Last week, Roshen wrote how we do code reviews. I want to go a step forward and discuss the role of automated code scanning in these code reviews.
When we encounter an application with over 200,000 lines of code, we know that we will not have time to read every line of code. Nor is it necessary to read every line of code. As our code review process showed, we start with the Threat Profile and then figure out which sections of code to review. That helps us focus our efforts on the areas of code that an attacker would exercise.
That smaller area is still fairly large, so every bit of automation helps.
Before we dive into the role of automated code scanning, let’s look at how most modern code review scanners work. [Brian Chess’ and Jacob West’s "Secure Programming with Static Analysis" is a great book on the subject.] There’re two basic strategies code scanners take:
In one very powerful approach, code scanners trace the path of an input from the source to its destination through all the transformations it takes. For example, the input could be the amount of funds to be transferred in a transaction. The input starts off from the user’s browser, is validated by pieces of code and then is used to construct a SQL statement which is executed against the database. The code scanner analyzes the path taken from source to destination (often called the sink) and then predicts if a malicious input would get through. For example, could the user send a malicious SQL snippet and execute that on the server for SQL Injection? This approach of tracing the input from source to the sink is useful to find code that is vulnerable to SQL Injection and Cross Site Scripting attacks.
A second approach is to look for patterns of insecurity in the code - calls to insecure functions, error conditions not handled, null pointers, etc. This approach is simpler, but it generates more false alarms than the first approach, and requires further manual analysis to confirm the finding.
Notice that in all these approaches, the code review scanner is unaware of the context of the application. It does not know, nor care, whether the application is an online banking site or an e-Commerce site, or an online game. The scanner applies its algorithms independently of the context of the applications.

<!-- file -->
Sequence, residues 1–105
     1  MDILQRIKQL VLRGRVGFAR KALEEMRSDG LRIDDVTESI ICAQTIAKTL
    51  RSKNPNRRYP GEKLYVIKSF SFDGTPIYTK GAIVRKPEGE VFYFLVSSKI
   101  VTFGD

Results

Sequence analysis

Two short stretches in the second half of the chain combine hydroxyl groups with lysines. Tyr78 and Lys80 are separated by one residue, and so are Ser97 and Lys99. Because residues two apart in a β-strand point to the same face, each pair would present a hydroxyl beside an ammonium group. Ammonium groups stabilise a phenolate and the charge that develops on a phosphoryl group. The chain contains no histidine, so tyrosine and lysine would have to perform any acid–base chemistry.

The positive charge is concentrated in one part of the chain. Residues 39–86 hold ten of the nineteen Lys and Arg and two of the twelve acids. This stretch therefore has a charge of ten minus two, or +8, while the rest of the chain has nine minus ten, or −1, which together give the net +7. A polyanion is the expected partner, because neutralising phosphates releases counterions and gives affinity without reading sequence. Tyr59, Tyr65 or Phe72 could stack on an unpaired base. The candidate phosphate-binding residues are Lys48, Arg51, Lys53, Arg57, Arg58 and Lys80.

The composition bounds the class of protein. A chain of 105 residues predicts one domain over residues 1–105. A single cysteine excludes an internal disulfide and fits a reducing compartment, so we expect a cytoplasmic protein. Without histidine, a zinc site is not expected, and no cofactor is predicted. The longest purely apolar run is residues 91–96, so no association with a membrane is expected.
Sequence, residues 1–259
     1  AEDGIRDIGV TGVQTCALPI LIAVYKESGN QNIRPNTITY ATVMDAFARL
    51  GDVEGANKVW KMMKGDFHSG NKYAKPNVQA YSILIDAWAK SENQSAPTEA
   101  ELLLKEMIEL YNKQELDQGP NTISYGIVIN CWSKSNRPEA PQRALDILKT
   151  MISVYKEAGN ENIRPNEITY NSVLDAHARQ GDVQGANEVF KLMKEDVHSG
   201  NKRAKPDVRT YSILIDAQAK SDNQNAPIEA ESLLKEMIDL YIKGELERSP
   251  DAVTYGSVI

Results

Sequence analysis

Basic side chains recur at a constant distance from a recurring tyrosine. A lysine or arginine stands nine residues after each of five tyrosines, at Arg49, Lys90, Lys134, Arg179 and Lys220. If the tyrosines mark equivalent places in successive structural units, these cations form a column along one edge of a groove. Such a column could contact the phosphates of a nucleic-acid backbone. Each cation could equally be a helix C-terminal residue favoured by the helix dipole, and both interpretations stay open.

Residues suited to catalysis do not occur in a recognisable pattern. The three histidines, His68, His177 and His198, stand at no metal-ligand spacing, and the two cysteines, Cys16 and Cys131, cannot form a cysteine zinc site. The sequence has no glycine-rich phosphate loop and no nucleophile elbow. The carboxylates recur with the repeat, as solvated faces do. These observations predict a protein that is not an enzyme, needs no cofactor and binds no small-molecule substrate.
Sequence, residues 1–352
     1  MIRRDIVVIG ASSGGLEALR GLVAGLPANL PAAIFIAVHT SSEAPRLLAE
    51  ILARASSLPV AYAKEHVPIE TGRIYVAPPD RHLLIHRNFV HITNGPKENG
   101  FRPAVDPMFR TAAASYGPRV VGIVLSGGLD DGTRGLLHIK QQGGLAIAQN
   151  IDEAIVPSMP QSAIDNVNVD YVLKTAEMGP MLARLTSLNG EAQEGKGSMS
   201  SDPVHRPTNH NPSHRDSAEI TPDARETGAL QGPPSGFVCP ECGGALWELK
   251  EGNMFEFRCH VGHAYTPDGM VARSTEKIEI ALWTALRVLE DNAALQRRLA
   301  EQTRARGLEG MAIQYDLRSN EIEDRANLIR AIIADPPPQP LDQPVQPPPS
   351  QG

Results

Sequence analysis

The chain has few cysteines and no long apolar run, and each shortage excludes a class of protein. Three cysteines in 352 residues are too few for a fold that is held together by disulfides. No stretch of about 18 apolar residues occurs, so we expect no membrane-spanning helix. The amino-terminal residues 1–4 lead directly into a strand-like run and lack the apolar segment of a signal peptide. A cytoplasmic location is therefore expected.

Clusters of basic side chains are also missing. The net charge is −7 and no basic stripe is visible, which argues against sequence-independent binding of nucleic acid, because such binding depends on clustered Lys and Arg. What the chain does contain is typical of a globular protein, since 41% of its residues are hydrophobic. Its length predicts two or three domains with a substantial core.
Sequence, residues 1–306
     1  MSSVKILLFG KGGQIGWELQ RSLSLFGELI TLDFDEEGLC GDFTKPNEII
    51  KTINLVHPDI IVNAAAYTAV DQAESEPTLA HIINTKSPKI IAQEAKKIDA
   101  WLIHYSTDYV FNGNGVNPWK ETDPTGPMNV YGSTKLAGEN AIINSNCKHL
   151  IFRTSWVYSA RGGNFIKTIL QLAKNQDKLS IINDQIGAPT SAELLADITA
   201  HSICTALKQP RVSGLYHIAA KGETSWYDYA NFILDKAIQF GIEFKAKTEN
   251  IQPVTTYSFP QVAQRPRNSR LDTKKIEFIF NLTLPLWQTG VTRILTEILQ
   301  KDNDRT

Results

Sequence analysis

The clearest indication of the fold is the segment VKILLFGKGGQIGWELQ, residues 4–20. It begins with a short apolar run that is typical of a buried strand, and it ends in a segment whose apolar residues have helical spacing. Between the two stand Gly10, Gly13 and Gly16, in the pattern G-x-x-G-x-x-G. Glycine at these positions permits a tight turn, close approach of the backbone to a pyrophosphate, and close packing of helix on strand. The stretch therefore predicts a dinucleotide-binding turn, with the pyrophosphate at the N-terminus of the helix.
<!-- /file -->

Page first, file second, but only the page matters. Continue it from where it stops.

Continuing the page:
The blissful ignorance of context is both a strength and a weakness.
The scanners are able to apply certain general principles that apply to a vulnerability - an input from the user being reflected back to the browser without escaping the < and > symbols, for instance - without trying to understand the context. That’s a good thing. The disadvantage is that entire classes of vulnerabilities that require understanding the context are outside the purview of the scanner - for instance, siphoning off funds in a banking application, or flouting the rules of chess in an online gaming site.
We thus use the scanner for finding some standard vulnerabilities - dynamic SQL queries, reflected inputs, unhandled exceptions etc. These are the basis for common attacks like SQL Injection, Cross Site Scripting, and others. Once the scanner identifies code snippets as candidates for these vulnerabilities, we analyze them manually to confirm the flaw. For attacks that exercise the business logic - usually different variable manipulation attacks - we analyze the code manually.
What about finding backdoors with code scanners? Since scanners are unaware of context, they usually don’t recognize backdoors that have been either purposely or inadvertently inserted in the code by the developers. Looking for backdoors manually is an interesting challenge. We will cover that in a different post.